Need a book? Engineering books recommendations...
RE: CE Exam - Taking Structural in the PM?[Subject Prev][Subject Next][Thread Prev][Thread Next]
- To: <seaint(--nospam--at)seaint.org>
- Subject: RE: CE Exam - Taking Structural in the PM?
- From: "David Maynard" <davemaynard(--nospam--at)ceincorp.com>
- Date: Fri, 9 Sep 2005 16:37:49 -0600
Jeremy, I took the Civil PE Exam with the Structural PM. Now, when I studied, I buried my nose in the Civil Engineers Reference Manual big time. In fact, with all of the studying I did with that, I felt that prepared me VERY well for the first half (the morning session) of the exam. I also looked at the type of question that, after going through some of the calcs, rationalized if this was a question that could have been answered within, what, 5 or 6 minutes. And that's really how I based my studying. There is quite a bit of information out there, some of which can be very engaging as far as time. So, if it appeared very complicated, I opted to only familiarize myself with the material so I knew where it was if it ever came up. Then, I went on to more information that I thought was more solvable. This approach actually served me quite well to the point that when I had gone through the exam for the first round (and I'll get to this later), I was left with only 10 questions that I didn't know right off the bat. On my second go around, I had reduced that number down to 5. By my third go around, I brought that number down to 3, and those 3 questions didn't even look remotely familiar from my studying, so I answered D, turned in the test, and went on my way. The second half of the exam, which was the structural portion, I thought was tough. There was a post tensioned concrete beam analysis, along with MANY unbalanced foundation loading. There was even a question asking for some load calculations using ASCE 7. There was only a small portion that was on structural steel, and I thought those questions were rather easy. There were a couple of questions on concrete beam analysis, but again, these were rather easy. And I believe there was a question or two with wood. I wasn't as successful after my first run through of this portion, having only answered 1/2 of the questions without having to do any searching. I think I waded my way through the second half of the exam about 5 times before I was left with about 8 questions I had absolutely no idea about, or didn't have the reference material to help me through it. Again, D was the answer for these guys. And to my gratification, I passed after the first shot. My advice, though, is to study based on the content breakdown as located in the front of the CERM. There will be questions on this exam you will likely not be familiar with. I, for one, ran into water run-off questions. *shrug* I have never even seen a diagram like what was shown on the exam, and I sure wasn't going to waste a whole lot of time trying to figure it out. So, when taking this test, remember you are on a time limit. That's why I took rounds of the test. The first round was reading the question, and if I knew immediately how to solve the problem, I did. If I didn't, over it I skipped (and there's my Yoda moment for the day). My second round, I looked for questions that I was at least familiar with through my studying, went back and did a little looking around, and was able to find the answer. By the third round, you are pretty much left with questions that are rather foreign to you and you have to do some searching for them. By that time, you will have thumbed through your references enough to know, if at all, where to look. And if you don't, I recommend D, but you may have your own preference. I took this approach for both sessions, and it left me feeling good after taking the exam, and it didn't totally destroy me. That's how things worked out for me. My time studying was based on anticipated content. I broke the test down into rounds. And I didn't stress about time. And when I was done with the morning session, I was able to leave a good hour before the first session was over and 30 minutes before the second session was over. And finally, I didn't look at any of the other exams. Like the old saying, "The grass always looks greener on the other side." The practice test, I focused on the structural second half. And going into the real exam, I didn't even look at any of the other sessions. Before you know it, you are taking about 3 different afternoon sessions, and when it's all said and done, you are left with 3 afternoon exams that are about half done. Pick a path and stick with it, for better or worse. ...because that's how I roll. Dave Maynard, PE Gillette, Wyoming -- No virus found in this outgoing message. Checked by AVG Anti-Virus. Version: 7.0.344 / Virus Database: 267.10.19/94 - Release Date: 9/9/2005 ******* ****** ******* ******** ******* ******* ******* *** * Read list FAQ at: http://www.seaint.org/list_FAQ.asp * * This email was sent to you via Structural Engineers * Association of Southern California (SEAOSC) server. To * subscribe (no fee) or UnSubscribe, please go to: * * http://www.seaint.org/sealist1.asp * * Questions to seaint-ad(--nospam--at)seaint.org. Remember, any email you * send to the list is public domain and may be re-posted * without your permission. Make sure you visit our web * site at: http://www.seaint.org ******* ****** ****** ****** ******* ****** ****** ********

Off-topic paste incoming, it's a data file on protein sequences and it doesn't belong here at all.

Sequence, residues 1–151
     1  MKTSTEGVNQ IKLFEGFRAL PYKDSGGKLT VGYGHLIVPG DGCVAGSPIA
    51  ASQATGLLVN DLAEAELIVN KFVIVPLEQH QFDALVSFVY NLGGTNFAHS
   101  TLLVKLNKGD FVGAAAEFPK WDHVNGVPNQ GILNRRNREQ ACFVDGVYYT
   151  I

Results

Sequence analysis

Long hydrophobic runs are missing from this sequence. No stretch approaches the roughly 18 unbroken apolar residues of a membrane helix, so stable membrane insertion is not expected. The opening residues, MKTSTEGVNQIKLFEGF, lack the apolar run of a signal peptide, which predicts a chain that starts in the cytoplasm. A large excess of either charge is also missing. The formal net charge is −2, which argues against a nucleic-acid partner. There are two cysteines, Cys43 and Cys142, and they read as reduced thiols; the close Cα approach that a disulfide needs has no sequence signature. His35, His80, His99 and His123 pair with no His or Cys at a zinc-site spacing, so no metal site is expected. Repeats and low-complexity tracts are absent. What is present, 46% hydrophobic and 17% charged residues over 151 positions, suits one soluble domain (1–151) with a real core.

- RE: CE Exam - Taking Structural in the PM?
- From: Cutler, Seth W CIV NAVFAC NW
- RE: CE Exam - Taking Structural in the PM?
- Prev by Subject: RE: CE Exam - Taking Structural in the PM?
- Next by Subject: RE: CE Exam - Taking Structural in the PM?
- Previous by thread: RE: CE Exam - Taking Structural in the PM?
- Next by thread: RE: CE Exam - Taking Structural in the PM?